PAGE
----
Dual Citizenship and the Strange Case of the Election of Barack Obama

Jus sanguinis (Latin: right of blood) is a principle of nationality law by which citizenship is not determined by place of birth but by having one or both parents who are citizens of the state.  Children at birth may automatically be citizens if their parents have state citizenship or national identities of ethnic, cultural, or other origins.  Citizenship can also apply to children whose parents belong to a diaspora and were not themselves citizens of the state conferring citizenship.  This principle contrasts with jus soli.

Jus soli (Latin: right of the soil), commonly referred to as birthright citizenship, is the right of anyone born in the territory of a state to nationality or citizenship.  As an unconditional basis for citizenship, it is the predominant rule in the Americas, but is rare elsewhere.  Since the Twenty-seventh Amendment of the Constitution of Ireland was enacted in 2004, no European country grants citizenship based on unconditional jus soli.  

A person who becomes a U.S. citizen through naturalization is not considered a natural born citizen.  Consequently, naturalized U.S. citizens are not eligible to become President of the United States or Vice President of the United States, which would ordinarily be the case as established by the Presidential Succession Act.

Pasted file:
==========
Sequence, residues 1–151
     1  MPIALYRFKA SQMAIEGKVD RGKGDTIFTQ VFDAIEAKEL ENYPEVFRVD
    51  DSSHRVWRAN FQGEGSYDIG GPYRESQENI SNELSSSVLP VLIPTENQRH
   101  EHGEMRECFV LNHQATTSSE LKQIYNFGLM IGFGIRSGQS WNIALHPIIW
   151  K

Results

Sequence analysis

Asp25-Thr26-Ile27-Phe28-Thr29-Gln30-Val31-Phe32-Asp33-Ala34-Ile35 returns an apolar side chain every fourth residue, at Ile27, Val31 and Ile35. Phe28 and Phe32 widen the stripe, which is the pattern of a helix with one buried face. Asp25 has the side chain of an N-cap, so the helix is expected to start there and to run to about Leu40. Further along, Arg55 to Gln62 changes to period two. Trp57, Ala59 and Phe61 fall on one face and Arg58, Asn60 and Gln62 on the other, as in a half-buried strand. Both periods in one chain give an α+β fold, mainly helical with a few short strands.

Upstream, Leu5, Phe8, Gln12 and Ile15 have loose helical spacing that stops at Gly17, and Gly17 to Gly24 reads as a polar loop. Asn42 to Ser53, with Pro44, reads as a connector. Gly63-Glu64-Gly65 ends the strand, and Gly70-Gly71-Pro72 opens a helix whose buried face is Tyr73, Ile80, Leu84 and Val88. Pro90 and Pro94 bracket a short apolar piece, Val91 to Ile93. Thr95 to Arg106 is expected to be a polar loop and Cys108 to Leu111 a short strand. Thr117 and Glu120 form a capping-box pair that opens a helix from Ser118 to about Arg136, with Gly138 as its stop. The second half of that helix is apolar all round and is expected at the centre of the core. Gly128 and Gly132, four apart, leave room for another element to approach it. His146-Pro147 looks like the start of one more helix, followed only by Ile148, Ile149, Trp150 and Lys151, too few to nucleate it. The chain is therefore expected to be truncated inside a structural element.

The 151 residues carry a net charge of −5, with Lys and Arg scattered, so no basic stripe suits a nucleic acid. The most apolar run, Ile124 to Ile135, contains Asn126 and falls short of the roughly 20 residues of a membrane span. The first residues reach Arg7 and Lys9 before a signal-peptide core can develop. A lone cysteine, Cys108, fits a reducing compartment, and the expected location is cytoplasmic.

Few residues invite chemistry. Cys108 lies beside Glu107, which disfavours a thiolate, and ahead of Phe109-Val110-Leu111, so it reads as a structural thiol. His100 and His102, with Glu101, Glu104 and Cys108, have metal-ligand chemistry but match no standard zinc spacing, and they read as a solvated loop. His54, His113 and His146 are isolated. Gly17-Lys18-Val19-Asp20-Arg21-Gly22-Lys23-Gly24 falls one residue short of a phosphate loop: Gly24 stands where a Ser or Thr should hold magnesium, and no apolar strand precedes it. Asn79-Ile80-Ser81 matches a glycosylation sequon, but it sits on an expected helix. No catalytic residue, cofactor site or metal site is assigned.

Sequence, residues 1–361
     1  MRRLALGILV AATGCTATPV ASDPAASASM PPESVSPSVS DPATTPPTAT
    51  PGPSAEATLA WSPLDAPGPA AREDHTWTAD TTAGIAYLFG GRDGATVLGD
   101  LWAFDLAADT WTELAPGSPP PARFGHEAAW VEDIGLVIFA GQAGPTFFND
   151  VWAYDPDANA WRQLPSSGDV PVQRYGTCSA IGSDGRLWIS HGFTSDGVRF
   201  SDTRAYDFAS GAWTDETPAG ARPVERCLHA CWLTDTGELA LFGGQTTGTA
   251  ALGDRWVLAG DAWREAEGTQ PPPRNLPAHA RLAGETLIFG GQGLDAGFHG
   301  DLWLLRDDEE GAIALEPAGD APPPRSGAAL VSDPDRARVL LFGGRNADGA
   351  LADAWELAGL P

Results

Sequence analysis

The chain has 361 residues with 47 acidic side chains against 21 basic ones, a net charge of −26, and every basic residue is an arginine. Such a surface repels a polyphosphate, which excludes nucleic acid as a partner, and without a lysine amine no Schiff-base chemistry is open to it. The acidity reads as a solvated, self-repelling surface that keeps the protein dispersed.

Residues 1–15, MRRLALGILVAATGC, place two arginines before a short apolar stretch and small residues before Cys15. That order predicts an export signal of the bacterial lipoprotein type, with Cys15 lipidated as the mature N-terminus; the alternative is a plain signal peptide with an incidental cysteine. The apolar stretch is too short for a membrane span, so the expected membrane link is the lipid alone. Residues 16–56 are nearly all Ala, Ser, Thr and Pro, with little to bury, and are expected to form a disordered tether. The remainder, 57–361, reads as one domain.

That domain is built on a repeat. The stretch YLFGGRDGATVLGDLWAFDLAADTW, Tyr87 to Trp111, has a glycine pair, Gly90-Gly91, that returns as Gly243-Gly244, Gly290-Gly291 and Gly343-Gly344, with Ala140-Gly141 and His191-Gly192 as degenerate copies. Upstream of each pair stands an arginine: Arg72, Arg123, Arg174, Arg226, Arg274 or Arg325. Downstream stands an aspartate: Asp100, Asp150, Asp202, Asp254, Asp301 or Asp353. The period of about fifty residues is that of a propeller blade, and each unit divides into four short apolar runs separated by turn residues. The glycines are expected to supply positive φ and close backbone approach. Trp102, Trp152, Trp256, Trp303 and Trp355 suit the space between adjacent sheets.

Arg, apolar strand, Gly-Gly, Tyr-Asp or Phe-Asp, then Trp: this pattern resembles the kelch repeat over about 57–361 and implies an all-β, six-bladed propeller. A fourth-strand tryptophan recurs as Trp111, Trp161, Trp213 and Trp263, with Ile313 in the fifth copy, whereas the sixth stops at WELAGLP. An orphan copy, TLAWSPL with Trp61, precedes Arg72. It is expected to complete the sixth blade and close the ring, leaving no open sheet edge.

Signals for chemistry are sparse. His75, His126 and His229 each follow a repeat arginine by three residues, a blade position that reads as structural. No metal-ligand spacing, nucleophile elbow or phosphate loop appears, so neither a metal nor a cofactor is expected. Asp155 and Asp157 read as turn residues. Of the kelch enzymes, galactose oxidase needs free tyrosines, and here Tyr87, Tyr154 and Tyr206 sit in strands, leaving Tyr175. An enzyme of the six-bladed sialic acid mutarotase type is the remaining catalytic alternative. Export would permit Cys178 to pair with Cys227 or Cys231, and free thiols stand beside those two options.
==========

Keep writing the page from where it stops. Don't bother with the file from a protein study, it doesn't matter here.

Some argue that the phrase “natural born citizen” describes a category of citizenship distinct from that described by the phrase “U.S. Citizen” in Article Two of the United States Constitution, and this was discussed during the constitutional convention of 1787.  While it is true that “natural born citizen” is not defined anywhere within the text of the Constitution and that the Constitution makes use of the phrase “citizen” and “natural born citizen,” Supreme Court decisions from United States v. Wong Kim Ark to the present have considered the distinction to be between natural-born and naturalized citizenship.

An April 2000 report by the Congressional Research Service, asserts that most constitutional scholars interpret the phrase “natural born citizen” as including citizens born outside the United States to parents who are U.S. citizens under the “natural born” requirement. 

In her 1988 article in the Yale Law Journal, Jill Pryor wrote, “It is well settled that ‘native-born’ citizens, those born in the United States, qualify as natural born.  It is also clear that persons born abroad of alien parents, who later become citizens by naturalization, do not.  But whether a person born abroad of American parents, or of one American and one alien parent, qualifies as natural born has never been resolved.”